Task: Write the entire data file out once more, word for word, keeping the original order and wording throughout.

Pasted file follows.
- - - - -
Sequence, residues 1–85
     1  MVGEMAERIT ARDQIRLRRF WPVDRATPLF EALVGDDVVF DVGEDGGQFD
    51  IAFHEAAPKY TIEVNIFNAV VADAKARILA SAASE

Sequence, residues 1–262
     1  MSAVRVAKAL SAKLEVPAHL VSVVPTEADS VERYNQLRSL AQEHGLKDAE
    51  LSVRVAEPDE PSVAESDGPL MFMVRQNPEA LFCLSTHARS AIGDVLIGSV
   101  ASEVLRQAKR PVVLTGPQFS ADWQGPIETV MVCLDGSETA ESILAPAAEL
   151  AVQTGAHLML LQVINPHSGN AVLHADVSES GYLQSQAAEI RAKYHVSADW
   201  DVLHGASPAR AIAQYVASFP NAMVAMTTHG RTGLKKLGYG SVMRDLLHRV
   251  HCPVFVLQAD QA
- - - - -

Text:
Sequence, residues 1–85
     1  MVGEMAERIT ARDQIRLRRF WPVDRATPLF EALVGDDVVF DVGEDGGQFD
    51  IAFHEAAPKY TIEVNIFNAV VADAKARILA SAASE

Sequence, residues 1–262
     1  MSAVRVAKAL SAKLEVPAHL VSVVPTEADS VERYNQLRSL AQEHGLKDAE
    51  LSVRVAEPDE PSVAESDGPL MFMVRQNPEA LFCLSTHARS AIGDVLIGSV
   101  ASEVLRQAKR PVVLTGPQFS ADWQGPIETV MVCLDGSETA ESILAPAAEL
   151  AVQTGAHLML LQVINPHSGN AVLHADVSES GYLQSQAAEI RAKYHVSADW
   201  DVLHGASPAR AIAQYVASFP NAMVAMTTHG RTGLKKLGYG SVMRDLLHRV
   251  HCPVFVLQAD QA